News

Indian Electric Vehicle Conundrum: A tale of opportunities amid uncertainties

New Delhi: because the inaugural edition of the planet EV Day began on 9 September 2020, the excitement around the prospects of an electrified mobility future is growing globally. While consumers, businesses and governments are proactively pushing for e-mobility, EV adoption rates in many countries, including India, paint a grim picture.

This is reflected within the incontrovertible fact that within the fiscal year 2019-2020, total EV sales in India accounted for fewer than a fraction of 1% of the sales of conventional vehicles. However, a better check out the segment-wise sales figures shows that the general public transport vehicles, especially E-rickshaws, contribute 13% of annual three-wheeler sales as compared to a mere 0.15% of e-4W and 0.71% of e-2W sales. This brings to light two critical paradigms. Firstly, the speed of uptake depends on the ‘purpose’ or ‘end-usage’ of the vehicle and, secondly, there are structural barriers within the supply and demand side equation of the EV ecosystem.

The Indian EV narrative is essentially being shaped by various policy interventions at the national and sub-national levels which are being supplemented by a mess of regulations concerning EVs and charging infrastructure. during this context of frequently changing policy and regulatory landscape, where transformative ideas, often disruptive sometimes, are being rapidly devised and implemented for EVs and related issues, the necessity to retrospectively assess an equivalent becomes crucial.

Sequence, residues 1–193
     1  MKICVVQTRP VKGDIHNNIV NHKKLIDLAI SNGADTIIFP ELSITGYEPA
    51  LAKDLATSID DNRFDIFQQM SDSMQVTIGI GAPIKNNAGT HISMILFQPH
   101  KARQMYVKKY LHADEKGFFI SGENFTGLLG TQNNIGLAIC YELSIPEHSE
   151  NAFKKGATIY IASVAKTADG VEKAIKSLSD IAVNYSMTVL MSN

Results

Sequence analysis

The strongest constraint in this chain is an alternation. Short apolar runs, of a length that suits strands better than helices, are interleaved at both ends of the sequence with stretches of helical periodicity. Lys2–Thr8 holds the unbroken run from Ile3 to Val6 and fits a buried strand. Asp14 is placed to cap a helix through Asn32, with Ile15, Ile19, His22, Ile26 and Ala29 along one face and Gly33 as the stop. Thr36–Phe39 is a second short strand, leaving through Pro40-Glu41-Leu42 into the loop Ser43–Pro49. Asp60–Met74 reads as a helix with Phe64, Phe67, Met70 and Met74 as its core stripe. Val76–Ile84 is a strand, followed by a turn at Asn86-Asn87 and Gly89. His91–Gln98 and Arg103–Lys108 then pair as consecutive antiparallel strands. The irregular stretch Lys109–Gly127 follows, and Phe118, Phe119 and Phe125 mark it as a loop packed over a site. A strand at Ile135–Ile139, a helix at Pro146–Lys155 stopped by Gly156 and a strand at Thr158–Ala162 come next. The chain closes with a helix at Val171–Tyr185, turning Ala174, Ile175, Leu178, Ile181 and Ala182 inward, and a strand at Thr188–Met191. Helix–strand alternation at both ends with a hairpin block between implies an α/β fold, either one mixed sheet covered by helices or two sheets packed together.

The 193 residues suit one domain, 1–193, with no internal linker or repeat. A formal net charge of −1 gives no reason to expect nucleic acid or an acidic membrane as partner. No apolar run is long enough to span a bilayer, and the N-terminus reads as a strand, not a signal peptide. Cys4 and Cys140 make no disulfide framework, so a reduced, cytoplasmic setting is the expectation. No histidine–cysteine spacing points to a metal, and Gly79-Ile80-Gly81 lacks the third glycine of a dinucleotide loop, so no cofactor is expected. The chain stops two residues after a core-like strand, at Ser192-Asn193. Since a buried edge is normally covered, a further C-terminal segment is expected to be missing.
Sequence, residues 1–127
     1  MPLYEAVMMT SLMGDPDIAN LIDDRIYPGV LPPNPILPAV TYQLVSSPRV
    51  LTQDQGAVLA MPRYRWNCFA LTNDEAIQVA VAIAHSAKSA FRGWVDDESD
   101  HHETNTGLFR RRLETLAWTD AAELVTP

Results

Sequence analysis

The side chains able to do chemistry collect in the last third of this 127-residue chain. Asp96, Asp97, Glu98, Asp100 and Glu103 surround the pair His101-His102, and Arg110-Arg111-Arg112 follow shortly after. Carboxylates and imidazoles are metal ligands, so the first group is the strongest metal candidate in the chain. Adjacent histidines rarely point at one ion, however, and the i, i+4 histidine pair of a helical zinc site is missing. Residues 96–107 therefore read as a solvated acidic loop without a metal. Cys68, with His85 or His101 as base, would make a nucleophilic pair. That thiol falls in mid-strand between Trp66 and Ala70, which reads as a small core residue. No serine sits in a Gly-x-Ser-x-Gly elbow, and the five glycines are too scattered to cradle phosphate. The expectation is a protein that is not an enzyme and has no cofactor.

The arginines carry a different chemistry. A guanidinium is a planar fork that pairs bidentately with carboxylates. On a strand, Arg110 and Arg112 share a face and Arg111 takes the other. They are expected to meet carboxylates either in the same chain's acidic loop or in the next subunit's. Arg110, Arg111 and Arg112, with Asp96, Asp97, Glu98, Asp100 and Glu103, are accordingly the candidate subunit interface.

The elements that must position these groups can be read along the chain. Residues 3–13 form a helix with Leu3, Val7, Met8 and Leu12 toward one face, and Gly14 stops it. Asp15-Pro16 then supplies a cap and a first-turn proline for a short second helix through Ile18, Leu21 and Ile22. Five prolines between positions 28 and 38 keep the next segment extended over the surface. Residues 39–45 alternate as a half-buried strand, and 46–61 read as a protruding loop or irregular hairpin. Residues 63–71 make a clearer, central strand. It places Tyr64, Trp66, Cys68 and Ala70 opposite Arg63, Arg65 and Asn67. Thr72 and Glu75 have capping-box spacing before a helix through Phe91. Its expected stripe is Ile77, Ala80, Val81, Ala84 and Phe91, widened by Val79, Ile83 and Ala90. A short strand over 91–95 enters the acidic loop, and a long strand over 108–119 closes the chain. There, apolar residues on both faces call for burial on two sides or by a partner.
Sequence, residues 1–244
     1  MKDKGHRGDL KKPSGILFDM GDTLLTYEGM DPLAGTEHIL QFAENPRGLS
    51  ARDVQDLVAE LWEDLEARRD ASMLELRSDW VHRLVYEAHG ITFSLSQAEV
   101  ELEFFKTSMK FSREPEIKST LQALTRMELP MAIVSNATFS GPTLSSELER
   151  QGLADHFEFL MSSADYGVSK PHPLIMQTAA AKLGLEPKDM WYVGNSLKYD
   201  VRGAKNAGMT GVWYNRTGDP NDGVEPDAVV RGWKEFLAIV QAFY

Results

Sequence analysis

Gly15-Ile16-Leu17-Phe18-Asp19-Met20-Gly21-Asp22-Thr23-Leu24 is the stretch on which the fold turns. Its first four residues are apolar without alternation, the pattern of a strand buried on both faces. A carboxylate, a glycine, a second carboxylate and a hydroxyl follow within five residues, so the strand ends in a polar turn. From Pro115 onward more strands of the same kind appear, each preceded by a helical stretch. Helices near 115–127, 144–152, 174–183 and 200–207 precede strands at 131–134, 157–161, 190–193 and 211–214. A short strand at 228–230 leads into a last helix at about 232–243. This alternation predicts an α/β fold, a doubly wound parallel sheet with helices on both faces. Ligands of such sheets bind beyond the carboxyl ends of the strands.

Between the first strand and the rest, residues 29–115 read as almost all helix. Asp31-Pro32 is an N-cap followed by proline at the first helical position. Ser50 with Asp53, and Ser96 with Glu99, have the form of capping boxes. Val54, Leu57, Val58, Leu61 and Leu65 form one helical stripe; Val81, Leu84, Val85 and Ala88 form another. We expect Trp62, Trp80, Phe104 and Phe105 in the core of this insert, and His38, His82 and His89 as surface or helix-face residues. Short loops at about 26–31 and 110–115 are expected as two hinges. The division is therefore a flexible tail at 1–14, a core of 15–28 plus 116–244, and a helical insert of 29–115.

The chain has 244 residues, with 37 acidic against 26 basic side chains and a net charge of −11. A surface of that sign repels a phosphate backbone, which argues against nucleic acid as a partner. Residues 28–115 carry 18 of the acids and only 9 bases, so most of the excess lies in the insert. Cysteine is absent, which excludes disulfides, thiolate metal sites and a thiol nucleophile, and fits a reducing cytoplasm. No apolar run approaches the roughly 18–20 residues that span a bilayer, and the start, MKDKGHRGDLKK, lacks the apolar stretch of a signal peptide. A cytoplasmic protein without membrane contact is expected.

In order to make sure the effectiveness of such policies, some hindsight checks are often made before notifying and implementing an EV policy by the nodal department of the government.

Firstly, there’s a disjunction between the intent and targets set for EV adoption across states and even at the national level. The rationale for targeting a group proportion of total vehicles sold to be electric should have clear linkages with the overarching objectives of getting EVs within the first place, i.e. emission reduction. as long as India has clearly laid out international climate goals within the sort of Intended Nationally Determined Contributions (INDCs), these should be used as a benchmark to estimate and set realistic targets across different states, or maybe cities. In one such study, an identical approach has been adopted to estimate the number of vehicles required within the city of Jaipur, Rajasthan, if India has got to achieve its INDC targets.

Secondly, given the price-sensitivity of Indian markets and consumers, there’s a requirement to revisit the supply-demand matching equation. within the backdrop of Indian Motown facing one among the worst slowdowns, careful diagnosis and structural transformations in both the supply-side and demand-side factors of EV production is required.

Comment here